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Visible Hands - Invisible Women: Garment Production in Turkey

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  • Saniye Dedeoğlu

Abstract

The economic liberalization policies that started in the early 1980s marked a turn in Turkey's growth strategy by shifting it from import substitution to export orientation. Since then, the garment industry has been one of the top exporters, drawing on women as the main suppliers of informal labor for the industry through subcontracted and home-based piecework. Based on fieldwork, this paper examines the gender inequalities that underlie the export success of the garment industry, in which the organization of production and workplace relations embed and reproduce gender ideology and norms. Women's engagement in garment production is ensured through the articulation of women's subordinate position with the social organization of garment production and the mobilization of kinship relations. The continued expansion of garment exports and the ongoing informalization of nonagricultural employment, according to official estimates, suggest that these arrangements are becoming more extensive over time.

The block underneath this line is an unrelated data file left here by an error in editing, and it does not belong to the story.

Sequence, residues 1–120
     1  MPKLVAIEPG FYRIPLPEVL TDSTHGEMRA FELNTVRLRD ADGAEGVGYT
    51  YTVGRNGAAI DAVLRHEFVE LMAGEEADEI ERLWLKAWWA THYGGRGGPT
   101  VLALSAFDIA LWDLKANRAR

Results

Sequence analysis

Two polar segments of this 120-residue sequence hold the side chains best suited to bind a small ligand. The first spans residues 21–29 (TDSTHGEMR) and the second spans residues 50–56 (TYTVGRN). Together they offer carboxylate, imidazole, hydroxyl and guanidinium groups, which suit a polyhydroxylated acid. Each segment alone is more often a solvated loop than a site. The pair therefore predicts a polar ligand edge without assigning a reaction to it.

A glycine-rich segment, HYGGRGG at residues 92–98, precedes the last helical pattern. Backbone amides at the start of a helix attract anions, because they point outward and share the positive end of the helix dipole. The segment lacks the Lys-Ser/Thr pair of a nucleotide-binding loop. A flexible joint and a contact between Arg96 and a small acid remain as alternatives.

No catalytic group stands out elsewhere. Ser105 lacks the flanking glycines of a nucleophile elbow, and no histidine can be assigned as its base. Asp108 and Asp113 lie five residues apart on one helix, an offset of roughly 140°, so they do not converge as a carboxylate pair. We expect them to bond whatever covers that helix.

Suggested Citation

  • Saniye Dedeoğlu, 2010. "Visible Hands - Invisible Women: Garment Production in Turkey," Feminist Economics, Taylor & Francis Journals, vol. 16(4), pages 1-32.
  • Handle: RePEc:taf:femeco:v:16:y:2010:i:4:p:1-32 DOI: 10.1080/13545701.2010.530606
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    References listed on IDEAS

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